Questioning Authority recently asked Holger Teschke, visiting professor of German studies and critical social thought, about the twentieth anniversary of the unification of Germany. Teschke grew up in East Germany and gave a talk on November 10 entitled "Landscapes of Remembrance and Oblivion: Reflections of United Germany 20 Years After."
QA: What did you do when the Wall came down 20 years ago? What memories do you have? Did you celebrate?
HT: I was at a writer's meeting, where we discussed how to reform the East German PEN Club. It was a heated debate and went on long after midnight. When I came home, I found a note in the kitchen table: "We are in West Berlin. Please come and join us."
I switched the TV on and saw people dancing on the Wall. Half an hour later, my wife and ten-year-old son came back. He said: " Dad, you really missed something. But don't worry, I’ll take you there tomorrow after school." Which he did, and we went to see the Brandenburg Gate from the other side.
QA: You grew up in East Germany. What was it like when the Wall came down? Did your life change in any immediate way?
HT: My life changed soon in many ways. First and foremost, I could travel to readings and theatre projects I was invited to in the West and the U.S. without long bureaucratic procedures. And my world changed: no more censorship in publishing and directing. All the books in the world in the bookstores, all the movies in the cinemas, all the news of the world in the papers, on radio and TV, were no longer censored. Which meant that literature and theatre all of a sudden were no longer the only place where people could voice their critique and opposition. A lot of people thought that this change belittled the status of the arts, but I was rather relieved. One could focus again on the actual tasks of our profession--whatever one thought these might be.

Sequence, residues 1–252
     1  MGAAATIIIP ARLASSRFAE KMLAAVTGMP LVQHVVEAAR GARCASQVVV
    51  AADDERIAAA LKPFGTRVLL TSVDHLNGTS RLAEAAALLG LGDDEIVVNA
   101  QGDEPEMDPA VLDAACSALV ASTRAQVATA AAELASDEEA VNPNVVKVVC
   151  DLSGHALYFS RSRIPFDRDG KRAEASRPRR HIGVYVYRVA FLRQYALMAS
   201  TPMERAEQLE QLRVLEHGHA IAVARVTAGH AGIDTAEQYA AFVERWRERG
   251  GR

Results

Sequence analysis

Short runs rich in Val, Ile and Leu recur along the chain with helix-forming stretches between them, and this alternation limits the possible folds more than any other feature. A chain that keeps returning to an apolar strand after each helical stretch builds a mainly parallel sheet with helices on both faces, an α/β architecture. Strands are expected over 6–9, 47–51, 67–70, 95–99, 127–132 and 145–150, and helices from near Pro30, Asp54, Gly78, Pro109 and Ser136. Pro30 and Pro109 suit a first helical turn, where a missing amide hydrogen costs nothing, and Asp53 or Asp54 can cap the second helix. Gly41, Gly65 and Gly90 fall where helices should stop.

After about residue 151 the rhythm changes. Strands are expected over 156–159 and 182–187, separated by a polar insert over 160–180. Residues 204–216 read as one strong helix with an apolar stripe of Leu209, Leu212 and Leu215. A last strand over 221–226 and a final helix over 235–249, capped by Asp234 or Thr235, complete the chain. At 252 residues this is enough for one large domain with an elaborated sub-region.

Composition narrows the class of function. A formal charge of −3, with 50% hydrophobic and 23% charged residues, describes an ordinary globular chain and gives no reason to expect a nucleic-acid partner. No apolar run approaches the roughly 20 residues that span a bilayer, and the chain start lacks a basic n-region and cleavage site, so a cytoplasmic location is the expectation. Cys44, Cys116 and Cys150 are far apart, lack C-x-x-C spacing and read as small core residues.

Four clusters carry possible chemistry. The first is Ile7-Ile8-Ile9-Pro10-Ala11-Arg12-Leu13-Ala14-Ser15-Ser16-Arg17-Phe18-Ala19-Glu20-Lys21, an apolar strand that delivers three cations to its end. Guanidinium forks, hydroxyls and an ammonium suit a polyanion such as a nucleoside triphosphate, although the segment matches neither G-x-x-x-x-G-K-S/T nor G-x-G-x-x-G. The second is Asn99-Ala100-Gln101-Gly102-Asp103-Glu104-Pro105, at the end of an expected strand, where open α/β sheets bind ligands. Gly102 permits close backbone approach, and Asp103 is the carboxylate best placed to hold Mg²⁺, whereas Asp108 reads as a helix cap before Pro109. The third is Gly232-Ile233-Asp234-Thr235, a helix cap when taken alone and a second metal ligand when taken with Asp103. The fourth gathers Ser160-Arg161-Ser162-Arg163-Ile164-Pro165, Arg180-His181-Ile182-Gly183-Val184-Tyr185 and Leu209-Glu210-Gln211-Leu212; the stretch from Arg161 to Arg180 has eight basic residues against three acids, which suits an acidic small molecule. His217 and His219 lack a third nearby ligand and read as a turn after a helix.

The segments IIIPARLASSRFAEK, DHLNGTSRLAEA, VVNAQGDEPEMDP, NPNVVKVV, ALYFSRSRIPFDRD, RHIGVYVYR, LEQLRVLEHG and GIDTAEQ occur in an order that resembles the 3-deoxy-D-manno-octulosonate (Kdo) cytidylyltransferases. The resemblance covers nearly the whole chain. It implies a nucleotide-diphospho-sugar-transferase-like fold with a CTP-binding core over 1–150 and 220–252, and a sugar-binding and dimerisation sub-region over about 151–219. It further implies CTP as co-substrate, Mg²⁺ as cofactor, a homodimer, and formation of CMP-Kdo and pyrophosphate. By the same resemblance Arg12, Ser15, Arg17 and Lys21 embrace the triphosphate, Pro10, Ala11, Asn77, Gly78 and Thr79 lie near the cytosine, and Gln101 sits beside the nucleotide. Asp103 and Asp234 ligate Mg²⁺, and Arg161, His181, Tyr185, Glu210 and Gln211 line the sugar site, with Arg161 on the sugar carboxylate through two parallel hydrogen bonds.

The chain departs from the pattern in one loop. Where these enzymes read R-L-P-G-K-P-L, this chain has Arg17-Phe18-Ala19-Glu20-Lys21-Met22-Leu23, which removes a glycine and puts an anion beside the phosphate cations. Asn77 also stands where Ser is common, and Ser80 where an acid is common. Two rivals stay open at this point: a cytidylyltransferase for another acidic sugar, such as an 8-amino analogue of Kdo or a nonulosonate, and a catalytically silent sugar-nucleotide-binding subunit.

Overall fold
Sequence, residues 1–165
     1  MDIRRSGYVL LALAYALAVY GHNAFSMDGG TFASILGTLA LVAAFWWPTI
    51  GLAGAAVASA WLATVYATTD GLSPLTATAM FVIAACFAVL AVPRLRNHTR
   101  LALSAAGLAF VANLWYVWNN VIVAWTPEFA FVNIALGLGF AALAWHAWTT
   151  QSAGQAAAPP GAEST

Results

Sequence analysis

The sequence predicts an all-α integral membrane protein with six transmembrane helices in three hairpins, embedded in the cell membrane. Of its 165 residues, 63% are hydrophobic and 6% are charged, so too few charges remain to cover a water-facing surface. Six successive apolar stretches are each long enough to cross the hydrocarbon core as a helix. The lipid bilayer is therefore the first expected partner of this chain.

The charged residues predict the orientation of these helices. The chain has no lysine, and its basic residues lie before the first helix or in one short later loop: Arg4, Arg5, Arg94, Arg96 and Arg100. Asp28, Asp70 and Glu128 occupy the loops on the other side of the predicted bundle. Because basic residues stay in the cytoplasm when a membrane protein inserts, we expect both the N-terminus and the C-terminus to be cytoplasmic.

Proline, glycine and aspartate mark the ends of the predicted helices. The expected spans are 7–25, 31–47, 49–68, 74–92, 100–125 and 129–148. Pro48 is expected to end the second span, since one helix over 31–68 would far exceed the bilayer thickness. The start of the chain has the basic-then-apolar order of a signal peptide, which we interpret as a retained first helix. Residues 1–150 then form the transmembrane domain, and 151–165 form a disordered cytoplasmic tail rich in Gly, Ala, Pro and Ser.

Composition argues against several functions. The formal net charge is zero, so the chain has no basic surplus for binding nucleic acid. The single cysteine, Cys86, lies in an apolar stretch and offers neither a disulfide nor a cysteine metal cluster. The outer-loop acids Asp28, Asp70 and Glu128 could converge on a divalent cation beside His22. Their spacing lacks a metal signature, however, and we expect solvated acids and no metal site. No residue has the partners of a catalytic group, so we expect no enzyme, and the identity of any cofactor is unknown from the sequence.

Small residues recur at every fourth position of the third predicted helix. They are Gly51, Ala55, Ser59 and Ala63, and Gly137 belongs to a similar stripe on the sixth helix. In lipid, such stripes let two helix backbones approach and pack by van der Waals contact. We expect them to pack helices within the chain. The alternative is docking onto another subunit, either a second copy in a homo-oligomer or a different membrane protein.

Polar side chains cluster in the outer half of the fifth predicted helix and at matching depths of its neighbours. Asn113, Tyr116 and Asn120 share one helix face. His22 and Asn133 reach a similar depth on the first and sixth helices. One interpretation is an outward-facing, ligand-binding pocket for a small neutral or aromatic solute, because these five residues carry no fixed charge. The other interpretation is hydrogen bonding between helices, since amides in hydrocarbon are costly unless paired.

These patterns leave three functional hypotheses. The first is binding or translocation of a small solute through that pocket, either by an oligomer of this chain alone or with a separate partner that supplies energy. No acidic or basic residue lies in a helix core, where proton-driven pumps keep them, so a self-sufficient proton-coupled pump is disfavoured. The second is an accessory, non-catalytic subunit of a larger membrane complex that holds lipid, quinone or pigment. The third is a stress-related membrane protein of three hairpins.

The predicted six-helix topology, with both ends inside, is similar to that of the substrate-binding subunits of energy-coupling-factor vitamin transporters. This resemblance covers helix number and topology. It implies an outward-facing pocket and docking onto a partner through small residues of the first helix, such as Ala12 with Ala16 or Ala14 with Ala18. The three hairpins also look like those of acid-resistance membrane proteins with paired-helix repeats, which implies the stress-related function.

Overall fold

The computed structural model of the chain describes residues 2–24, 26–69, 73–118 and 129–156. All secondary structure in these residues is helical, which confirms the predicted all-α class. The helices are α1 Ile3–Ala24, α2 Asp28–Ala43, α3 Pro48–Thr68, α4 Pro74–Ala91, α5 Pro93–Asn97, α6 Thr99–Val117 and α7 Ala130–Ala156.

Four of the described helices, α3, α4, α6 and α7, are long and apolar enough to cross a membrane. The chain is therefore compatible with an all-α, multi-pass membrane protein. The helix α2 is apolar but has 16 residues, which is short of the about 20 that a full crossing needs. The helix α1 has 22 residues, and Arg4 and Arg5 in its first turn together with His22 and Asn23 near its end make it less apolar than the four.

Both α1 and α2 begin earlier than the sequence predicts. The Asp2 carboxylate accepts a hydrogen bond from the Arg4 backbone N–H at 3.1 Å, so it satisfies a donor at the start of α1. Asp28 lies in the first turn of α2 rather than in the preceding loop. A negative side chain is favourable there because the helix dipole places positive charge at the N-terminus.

QA: Now that 20 years have passed, is the reintegration complete or are there still vestiges of the split?
HT: In my opinion, the reintegration of East Germany is not complete. It needs one more generation. The global financial crisis has widened the gap between the East and the West yet again, but there are also still the old mental walls in the East and in the West. They are harder to knock down than concrete walls and need much more time and patience.
QA: Are you happy with the festivities taking place in Berlin today? Do you think it's too much, or not enough?
HT: From a theatrical standpoint, the festivities are political kitsch and mere distractions to the real problems in East and West Germany. But the Germans love anniversaries; so be it. A great theme would have been the combination of the twentiethh anniversary of the opening of the Wall and the fortieth anniversary of Sesame Street, since the characters of this show created a longing for a funnier, more colorful and open society in generations of East German children, too. I am sure that they would have put on a better show at the Brandenburg Gate; they all deserve the highest German decoration.